But oh dear me the last movement! It is a `galop', and the `presto' is qualified by an important `ma non tanto'. Is Argerich in for some speed-record? We know what wonderful fingers you have dear lady, but Lipatti and Cziffra and Pollini have those too, and they have more sense than to play the movement like this. The scripture tells us that there is a creature that can outpace a galloping horse, and it is the ostrich. However God hath deprived her of wisdom neither hath He imparted to her understanding, and she makes a bad role-model.

As a makeweight there is the C# minor scherzo. This is played with despatch as one would expect, but for me in this piece there is Horowitz and there is everyone else, even Argerich. Criticisms or none, I still have no problem with giving a qualified 5 stars to another welcome recital from a truly great and truly individual artist who will not, she tells us, be giving us any more solo work now. I am all the more grateful for what's available.
3 internautes sur 3 ont trouvé ce commentaire utile 
(-) Top Exiting Second--Rushed Apart Third 29 septembre 2008
Par C. Pontus T. - Publié sur Amazon.com
Format: CD
Martha Argerich undoubtedly is one of the most exiting pianists to have emerged in the past hundred years. Let me state my general positions: she is better in concertos than solo works; she is better in the late Romantics rather than the early dittos. Having said that, to many people Argerich is closely identified with Chopin--probably in part resulting from her 1965 Chopin Competition triumph. So, what is my beef with Argerich in Chopin?

The flip side of her primal excitement is that she tends to rush and force things apart, and at times patch up the remains with some rather unimpressive excess pedaling. Chopin's music, pianistically perfect, is less susceptible to handling this Argerichian downside. The most striking examples are to be found in her 1977 Preludes (Chopin: 26 Preludes; Polonaises, etc.). Unfortunately, this 1967 Third Sonata suffers from the very same phenomenon. The effect: certain passages tend to get quite shrill and blurry while the longer lines fall apart--the very opposite of my reference Third Sonata from Demidenko (Chopin: Ballades; Third Sonata). Argerich makes herself more justice in the 1965 EMI version, which is also far better recorded than this two-year-later, tinny DG remake.

All the same, Argerich deserves some pronounced credit for the spontaneous freshness she delivers throughout, which scores the highest grade in the revolutionary Second Sonata--clearly one the Chopin works best suited to her nail-biting pianism. The first two movements are virtually as exciting as they can be, still revealing some lovely tone production in the lyrical sections. The spooky Finale largely falls into the same category. The one spot is the pedaling of the Funeral March that very much messes up the firm processional quality.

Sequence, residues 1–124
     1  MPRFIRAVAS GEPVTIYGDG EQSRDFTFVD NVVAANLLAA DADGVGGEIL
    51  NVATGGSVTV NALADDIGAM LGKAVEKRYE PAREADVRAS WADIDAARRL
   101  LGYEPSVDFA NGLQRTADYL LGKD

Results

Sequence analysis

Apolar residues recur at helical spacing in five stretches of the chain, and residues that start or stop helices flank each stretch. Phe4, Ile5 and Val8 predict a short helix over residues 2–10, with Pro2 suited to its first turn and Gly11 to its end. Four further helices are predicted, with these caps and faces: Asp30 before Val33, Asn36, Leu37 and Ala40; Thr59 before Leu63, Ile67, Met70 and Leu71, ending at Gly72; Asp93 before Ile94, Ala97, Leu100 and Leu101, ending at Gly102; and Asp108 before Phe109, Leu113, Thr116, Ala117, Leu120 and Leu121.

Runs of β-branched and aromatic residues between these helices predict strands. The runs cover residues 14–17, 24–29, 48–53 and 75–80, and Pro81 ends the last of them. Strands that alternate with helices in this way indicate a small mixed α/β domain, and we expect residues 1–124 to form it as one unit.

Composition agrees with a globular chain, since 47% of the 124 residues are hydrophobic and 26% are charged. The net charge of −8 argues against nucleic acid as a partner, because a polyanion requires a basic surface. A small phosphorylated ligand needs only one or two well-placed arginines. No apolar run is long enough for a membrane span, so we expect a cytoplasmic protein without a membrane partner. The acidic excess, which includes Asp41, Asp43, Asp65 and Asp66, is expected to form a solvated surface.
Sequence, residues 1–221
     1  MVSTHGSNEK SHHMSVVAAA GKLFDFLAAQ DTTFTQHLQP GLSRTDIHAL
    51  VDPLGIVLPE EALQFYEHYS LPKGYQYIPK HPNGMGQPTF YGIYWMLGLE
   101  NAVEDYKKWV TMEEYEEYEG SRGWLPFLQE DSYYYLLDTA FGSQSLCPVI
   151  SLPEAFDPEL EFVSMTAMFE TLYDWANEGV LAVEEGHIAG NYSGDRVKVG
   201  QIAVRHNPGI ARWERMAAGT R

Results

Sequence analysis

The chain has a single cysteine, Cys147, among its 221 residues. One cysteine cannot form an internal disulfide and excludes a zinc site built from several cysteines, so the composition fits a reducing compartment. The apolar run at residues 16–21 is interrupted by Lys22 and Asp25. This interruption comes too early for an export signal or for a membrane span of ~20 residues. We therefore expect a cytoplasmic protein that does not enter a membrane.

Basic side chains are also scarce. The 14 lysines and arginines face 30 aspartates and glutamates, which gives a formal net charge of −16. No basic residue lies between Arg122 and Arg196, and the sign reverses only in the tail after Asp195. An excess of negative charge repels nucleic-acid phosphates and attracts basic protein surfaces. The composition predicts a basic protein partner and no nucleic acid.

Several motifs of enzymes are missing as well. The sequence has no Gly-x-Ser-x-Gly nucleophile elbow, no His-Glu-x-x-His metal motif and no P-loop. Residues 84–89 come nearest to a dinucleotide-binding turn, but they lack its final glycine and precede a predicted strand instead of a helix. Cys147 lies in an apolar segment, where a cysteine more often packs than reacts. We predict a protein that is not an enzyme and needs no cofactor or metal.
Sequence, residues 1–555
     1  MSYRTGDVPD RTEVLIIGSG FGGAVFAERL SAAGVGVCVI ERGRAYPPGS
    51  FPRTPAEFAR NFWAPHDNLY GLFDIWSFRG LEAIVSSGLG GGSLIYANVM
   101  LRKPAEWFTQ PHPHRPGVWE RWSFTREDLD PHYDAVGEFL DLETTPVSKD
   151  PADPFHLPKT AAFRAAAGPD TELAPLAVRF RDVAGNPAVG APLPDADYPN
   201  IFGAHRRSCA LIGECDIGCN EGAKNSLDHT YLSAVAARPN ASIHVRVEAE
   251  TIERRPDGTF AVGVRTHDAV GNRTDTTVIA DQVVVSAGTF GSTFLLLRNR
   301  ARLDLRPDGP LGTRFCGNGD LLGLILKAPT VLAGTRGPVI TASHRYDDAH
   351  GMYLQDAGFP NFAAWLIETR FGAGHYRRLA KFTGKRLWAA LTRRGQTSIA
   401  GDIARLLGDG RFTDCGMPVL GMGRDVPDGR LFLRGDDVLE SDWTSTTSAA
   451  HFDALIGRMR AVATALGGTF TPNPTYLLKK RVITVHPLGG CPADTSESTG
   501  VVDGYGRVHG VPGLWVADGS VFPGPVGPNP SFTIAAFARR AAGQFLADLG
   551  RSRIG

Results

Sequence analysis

The 1961 Third Scherzo from Argerich's debut recital is a known quantity--probably the most dazzling version committed to disc. Had this 1975 Second Sonata come with the 1965 EMI account of the Third, they could well have made up the preferred version of this ubiquitous coupling. As it isn't, I would still claim the complete Ohlsson Sonata trilogy to be the recording to have, further boasted by a reference account of the sadly underrated First Sonata (Garrick Ohlsson - The Complete Chopin Piano Works Vol. 1 ~ Sonatas).
3 internautes sur 4 ont trouvé ce commentaire utile 
Searing performance of Chopin's Sonata Op 35 by Argerich 13 novembre 2008
Par Carlton II - Publié sur Amazon.com
Format: CD
Certainly one of the most gifted pianists of all time, Martha Argerich creates energy and excitement at every concert or in every recording. This recording of the Sonata Op 35 from the mid 1970's remains active in much iteration from DG. I wish Martha would re-record the sonatas and traverse the ballades, scherzi, nocturnes, etc. also. What the artist/repertoire people are doing at DG, other than watching re-runs of Seinfeld, is a mystery to me. Pollini and Argerich alone could keep revenues flowing for decades if they enticed them to record more. These great artists aren't getting any younger! Their devoted public would love to have recordings of Chopin, Scriabin, Debussy, Liszt, Ravel, Prokofiev et al for posterity. One way to improve media sales and decrease downloads would be to have these artists individually sign the CDs or the liner note books. That would make them collectable.